What is the trolley problem? By Martin Cooke
The trolley problem is a concept often used in philosophy and ethics courses. If you haven’t heard of it before, it basically works like this:
imagine you’re standing beside a railway line (the reason why you’re there isn’t important). You suddenly see a large, heavy, unmanned train car (or trolley) coming down the track. It’s out of control and hurtling toward you at lethal speed.
You’re safe, but further down the track is a group of people who will almost certainly all be killed if the out-of-control trolley continues rolling along the track. There’s no time to shout a warning to those people or help them in any other way, except that you happen to be standing near a junction of the track, and the lever which controls whether trains or trolleys travel down a different track is right next to you.
You now have to make a decision.
You can either do
What would you do?
Sometimes the situation is like the one above, would you deliberately act to kill one person in order to save several more? It’s a problem that has been popularized recently by philosophers such as Michael Sandel, although the basic question has been explored countless times over the years, and if you teach teenagers or adults it’s quite possible that your students will have already encountered it in their native language. In Taiwan (where I live) it’s taught as part of the curriculum in most public high schools.
How can the trolley problem be used in ELT?
The ‘what would you do’ question presents a good opportunity to revise second conditional structures in English language classes, and on its own, it’s a good conversation topic with learners at
Trolley problem with a twist
Firstly, explain the trolley problem to your learners – using your whiteboard to draw the scene will help. Then pose the ‘What would you do?’ question to your learners.
If they would allow the train, trolley or cart to continue along the track it’s already on – let’s call it Track A – sealing the fate of the group of people further down that track, they should sit in one section of the room.
If they would pull the lever, saving the larger group of people on Track A but leading to the death of one person on Track B, they should sit in a different section of the room. Ask a few of them to say why they made their decision.
Then, explain the ‘twist’. Students will read cards (see appendix) which provide information about either the people on Track A or the person on Track B. The cards should be arranged face down on a table at the front of the room. The information on the cards tells the reader something about either the people on Track A or the person on Track B.
Don’t say it!
Ask one member of the group to come to the front and read one of the cards without saying it aloud or showing it to anyone else. They can take a few moments to ponder their decision before placing the card in a box and either returning to their original place or changing their mind and going to sit with the other group. There should be a growing sense of intrigue as members of the original Track A group switch to the Track B group and vice versa, while others return to where they were before.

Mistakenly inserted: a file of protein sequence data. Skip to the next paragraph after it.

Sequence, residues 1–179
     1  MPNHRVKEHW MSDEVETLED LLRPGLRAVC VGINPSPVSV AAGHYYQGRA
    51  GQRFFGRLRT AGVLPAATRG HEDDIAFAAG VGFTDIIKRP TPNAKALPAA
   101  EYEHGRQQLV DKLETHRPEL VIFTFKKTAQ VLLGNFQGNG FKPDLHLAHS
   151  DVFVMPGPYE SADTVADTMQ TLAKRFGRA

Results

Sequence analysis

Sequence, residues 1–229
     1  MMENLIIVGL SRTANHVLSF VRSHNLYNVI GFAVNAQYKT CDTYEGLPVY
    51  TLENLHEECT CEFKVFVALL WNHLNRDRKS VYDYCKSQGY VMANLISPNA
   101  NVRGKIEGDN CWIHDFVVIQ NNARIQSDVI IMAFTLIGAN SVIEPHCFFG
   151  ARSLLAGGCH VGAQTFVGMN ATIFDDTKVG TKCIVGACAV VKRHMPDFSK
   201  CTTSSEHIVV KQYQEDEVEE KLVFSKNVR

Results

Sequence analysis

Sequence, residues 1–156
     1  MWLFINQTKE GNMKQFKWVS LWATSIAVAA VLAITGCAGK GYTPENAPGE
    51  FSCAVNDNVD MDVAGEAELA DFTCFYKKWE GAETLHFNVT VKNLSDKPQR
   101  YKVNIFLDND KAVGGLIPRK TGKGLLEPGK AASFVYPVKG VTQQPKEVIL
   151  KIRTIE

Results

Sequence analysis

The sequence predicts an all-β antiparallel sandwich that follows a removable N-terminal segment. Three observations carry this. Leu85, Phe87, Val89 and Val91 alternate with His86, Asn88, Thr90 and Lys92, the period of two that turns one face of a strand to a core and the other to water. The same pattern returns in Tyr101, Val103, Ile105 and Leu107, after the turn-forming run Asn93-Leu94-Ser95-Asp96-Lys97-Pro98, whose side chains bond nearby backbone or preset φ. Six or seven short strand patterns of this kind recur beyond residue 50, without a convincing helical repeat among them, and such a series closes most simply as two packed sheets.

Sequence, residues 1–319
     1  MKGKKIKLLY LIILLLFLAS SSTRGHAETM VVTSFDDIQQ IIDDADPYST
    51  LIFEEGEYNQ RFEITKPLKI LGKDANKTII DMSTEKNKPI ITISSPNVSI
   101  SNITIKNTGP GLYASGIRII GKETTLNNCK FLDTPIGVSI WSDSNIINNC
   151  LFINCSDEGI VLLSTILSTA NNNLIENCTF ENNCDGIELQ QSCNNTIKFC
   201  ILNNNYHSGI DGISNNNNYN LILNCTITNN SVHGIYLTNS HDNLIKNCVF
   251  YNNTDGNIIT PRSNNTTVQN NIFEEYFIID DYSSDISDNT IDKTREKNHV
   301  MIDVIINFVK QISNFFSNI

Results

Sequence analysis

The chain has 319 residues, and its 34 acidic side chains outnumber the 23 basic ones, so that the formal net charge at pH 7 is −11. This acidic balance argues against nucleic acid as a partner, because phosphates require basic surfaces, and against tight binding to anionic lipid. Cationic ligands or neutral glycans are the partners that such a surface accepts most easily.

The reason why the learners should read the card but not say it aloud is to show how what we think is not always the same as how we act, which should be demonstrated by the next stage.
Following the crowd?
After all of the cards have been read, ask one member of the class to take them out, one by one, and read them aloud. This time, everyone will make their decisions at the same time – to stay where they
Some members of your group may find themselves constantly switching places as they hear the different scenarios. Others will adamantly remain exactly where they started. The main job for the teacher at this stage is to encourage learners to say why they made those decisions.
Raising awareness of ethics
A useful additional question comes at the end – ask them to raise their hands if the decision they made in secret – when nobody else knew what was on the card – was the same as the one they made when everyone else had access to that information (this stage is mainly for awareness-raising; learners shouldn’t have to say which cards led to different decisions). You might be surprised by how many of them admit to making different decisions when the information was private than when they perhaps felt they ought to follow the crowd. This can lead on to fruitful discussions and debates on topics such as peer pressure, secret ballots and voting, revenge and retribution, and whether we should always tell the truth.
What would you do?
If you’ve used activities like this in your classroom, has it been successful? What other ideas from philosophy and ethics can be utilized in ELT?
The people on track A are all members of your favourite pop or rock group.
The person on track B is a five-year old girl.
The person on track B is a murderer and has already killed seven people.
The people on track B are there because they are dying and wanted to see the view from the nearby railway bridge for the final time.
The people on track A are terrorists who blew up an important building in your city a few hours ago, killing many people.
The people on track A are gang members waiting to attack another gang.
The person on track B is deaf and blind.
The people on track A are all over 90 years old.
The person on track B is waiting to give you a bag with one million dollars inside. The money will be destroyed if the cart goes down track B.
The person on track B is waiting to give you a bag with one hundred million dollars inside. The money will be destroyed if the cart goes down track B.
- Sandel, M (2009) Justice: What’s the Right Thing to Do? Penguin books